His parents, siblings, and daughters were illiterate

from:  Howard Schumann
Posted on: Mar 2, 2013 at 21:08 IST

The issue is not snobbery and never has been. It is about evidence. The traditional Stratfordian theory presents us with a major disconnect between the life of the presumed author and his creative output. It’s almost as if we have a disembodied body of works with little or no relationship to the author.

Several points should be considered.

In twenty years of supposedly living in London, not a single letter exists from or to William Shakespeare. Shakespeare (referring to the actor from Stratford) left no letters or other writing in his own name, except for six crude signatures that are barely legible. There is only one known letter addressed to him — it was about 30 pounds and it was never delivered.

Shakespeare’s point of view in the plays and poems is always that of an aristocrat. He has created commoners, but they are mostly buffoons who mangle the language. He portrays the nobility as individuals, but the lower classes as types, even stereotypes.

from:  Howard Schumann
Posted on: Mar 2, 2013 at 21:02 IST

Actually Shakespeare not being an Oxbridge man was an advantage. University education in his time was hidebound and reactionary and steeped in the classics and ignored important subjects like history and the sciences.

His grammar school education was rigorous and taught more than what a modersn classics student is required to know. So by any standards Shakespeare was a highly educated man who escaped the hidebound curriculum of Oxbridge. This allowed him aslo teach himself whatever was useful.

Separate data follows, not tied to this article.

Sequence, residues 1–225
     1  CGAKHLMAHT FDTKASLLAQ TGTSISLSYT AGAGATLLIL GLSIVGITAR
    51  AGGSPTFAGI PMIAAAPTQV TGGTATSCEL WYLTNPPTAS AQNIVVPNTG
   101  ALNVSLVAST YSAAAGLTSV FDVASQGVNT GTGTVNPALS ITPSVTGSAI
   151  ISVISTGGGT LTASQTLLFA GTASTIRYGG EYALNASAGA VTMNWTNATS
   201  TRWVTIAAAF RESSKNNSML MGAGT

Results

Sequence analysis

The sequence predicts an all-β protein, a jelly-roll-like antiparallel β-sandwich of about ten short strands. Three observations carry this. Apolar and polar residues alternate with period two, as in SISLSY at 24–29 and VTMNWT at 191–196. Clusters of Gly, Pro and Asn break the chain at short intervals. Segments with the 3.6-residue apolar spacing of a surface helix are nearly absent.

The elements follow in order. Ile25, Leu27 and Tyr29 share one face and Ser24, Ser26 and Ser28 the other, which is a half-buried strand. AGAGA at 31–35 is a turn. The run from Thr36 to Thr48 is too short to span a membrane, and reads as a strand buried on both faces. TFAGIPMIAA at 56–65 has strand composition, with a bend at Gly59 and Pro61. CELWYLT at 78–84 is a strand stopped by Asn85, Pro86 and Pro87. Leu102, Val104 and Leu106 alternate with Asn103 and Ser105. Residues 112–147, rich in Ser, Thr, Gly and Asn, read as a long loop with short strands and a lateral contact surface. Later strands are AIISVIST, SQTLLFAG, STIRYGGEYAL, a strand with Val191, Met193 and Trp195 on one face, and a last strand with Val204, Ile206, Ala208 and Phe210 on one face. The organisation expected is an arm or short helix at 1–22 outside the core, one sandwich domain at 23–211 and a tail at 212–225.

Also, the amount of contemporary material on Shakespeare is surprisingly large for a man of his station in his time which leave no doubt about the author's name. This has led some critics to argue that the uneducated Shakespeare was not the author, and the plays were written by a highly educated man whose name also happened to be William Shakespeare. Like most conspiracy theories it can neither be proved nor disproved.

from:  N.S. Rajaram
Posted on: Mar 2, 2013 at 20:57 IST

Well written. Especially this sentence "... what great losses the world would suffer if we were to ignore the contributions of individuals without formal training or nobility of birth."

In contemporary times Steve Jobs, Bill Gates, Dhirubhai Ambani, M.F.Hussain, Sean Parker, Mark Zuckerberg and many many more fit this description.

I hope the youth in India stops buying into the BS peddled by the older generations and do work that they truly love. Discovering that has nothing to do with either who you are born to or where you are formally trained at. When you discover and dedicate yourselves to it, achievements of Shakespearean scale will be the rule rather than the exception.

from:  Krishna Nadella
Posted on: Mar 2, 2013 at 20:48 IST